Who was George Jackson? America's prophetic revolutionary | Rattling the Bars

At the age of 18, George Jackson was condemned to a prison sentence of one year to life for the alleged robbery of $70 from a Los Angeles gas station. Jackson spent the remainder of his short life behind bars, but it was from the confines of prison that he became one of the most powerful revolutionary voices and one of greatest living threats to the American capitalist system. Jackson’s autobiographical book of prison letters, titled Soledad Brother, would become a touchstone of Black revolutionary thought for generations of radicals within and outside the prison-industrial complex. As Field Marshal of the Black Panther Party and one of the organization’s principal thinkers, Jackson’s philosophy and strategy for revolution lit the path to armed struggle taken by the Black Liberation Army and other organizations. On the 52nd anniversary of his killing by prison authorities, TRNN Editor-in-Chief Maximillian Alvarez joins Rattling the Bars to speak with host Mansa Musa about Jackson’s towering life and example, and about the impact Jackson’s work had on Mansa, on our departed mentor and fellow political prisoner Marshall “Eddie” Conway, and on their incarcerated comrades.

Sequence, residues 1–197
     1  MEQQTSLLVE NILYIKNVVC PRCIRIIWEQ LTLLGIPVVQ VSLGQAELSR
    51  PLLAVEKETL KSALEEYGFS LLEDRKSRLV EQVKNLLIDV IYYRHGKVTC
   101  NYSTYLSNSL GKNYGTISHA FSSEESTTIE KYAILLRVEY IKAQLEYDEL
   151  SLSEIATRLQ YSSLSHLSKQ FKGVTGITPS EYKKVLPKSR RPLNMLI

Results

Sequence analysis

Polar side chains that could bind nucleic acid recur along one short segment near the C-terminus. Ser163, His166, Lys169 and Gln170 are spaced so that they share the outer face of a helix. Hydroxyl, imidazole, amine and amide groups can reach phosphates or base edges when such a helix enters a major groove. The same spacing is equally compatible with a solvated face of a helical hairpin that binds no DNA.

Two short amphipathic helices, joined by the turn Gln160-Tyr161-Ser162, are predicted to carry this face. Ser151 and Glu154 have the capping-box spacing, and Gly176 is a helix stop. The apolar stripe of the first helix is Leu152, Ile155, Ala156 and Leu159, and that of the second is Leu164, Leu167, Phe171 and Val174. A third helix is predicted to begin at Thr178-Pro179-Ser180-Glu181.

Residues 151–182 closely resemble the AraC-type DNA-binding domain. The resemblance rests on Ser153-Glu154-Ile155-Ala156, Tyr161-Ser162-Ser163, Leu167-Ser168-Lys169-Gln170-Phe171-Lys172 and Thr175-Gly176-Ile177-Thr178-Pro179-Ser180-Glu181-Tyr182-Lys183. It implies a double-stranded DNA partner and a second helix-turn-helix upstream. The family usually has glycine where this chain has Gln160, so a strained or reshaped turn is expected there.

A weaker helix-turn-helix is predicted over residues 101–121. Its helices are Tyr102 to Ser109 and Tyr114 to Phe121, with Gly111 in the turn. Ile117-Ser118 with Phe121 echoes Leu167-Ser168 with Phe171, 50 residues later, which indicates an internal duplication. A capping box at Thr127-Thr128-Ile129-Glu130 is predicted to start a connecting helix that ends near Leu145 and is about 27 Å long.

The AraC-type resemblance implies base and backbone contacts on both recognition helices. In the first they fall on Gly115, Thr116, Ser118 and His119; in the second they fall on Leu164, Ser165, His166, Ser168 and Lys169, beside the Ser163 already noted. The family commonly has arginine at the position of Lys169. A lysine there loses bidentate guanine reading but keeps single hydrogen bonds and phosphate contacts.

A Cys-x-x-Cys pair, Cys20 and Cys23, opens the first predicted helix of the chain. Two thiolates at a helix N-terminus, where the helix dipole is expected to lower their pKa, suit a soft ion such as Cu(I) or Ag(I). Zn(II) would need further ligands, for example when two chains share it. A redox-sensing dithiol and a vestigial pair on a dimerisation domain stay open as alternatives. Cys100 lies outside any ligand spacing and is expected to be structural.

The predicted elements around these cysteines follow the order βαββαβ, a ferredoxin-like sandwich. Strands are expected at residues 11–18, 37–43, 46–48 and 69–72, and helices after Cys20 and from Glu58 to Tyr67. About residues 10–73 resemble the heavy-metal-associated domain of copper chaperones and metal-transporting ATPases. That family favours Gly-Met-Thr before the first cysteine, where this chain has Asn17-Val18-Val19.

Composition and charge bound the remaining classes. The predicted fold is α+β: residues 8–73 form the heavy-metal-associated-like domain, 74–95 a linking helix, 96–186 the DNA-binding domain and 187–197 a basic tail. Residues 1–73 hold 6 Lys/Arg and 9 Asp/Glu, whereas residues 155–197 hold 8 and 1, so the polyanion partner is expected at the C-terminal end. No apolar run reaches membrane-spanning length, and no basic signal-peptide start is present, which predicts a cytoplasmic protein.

Studio Production: David Hebden, Cameron Granadino
Post-Production: Cameron Granadino

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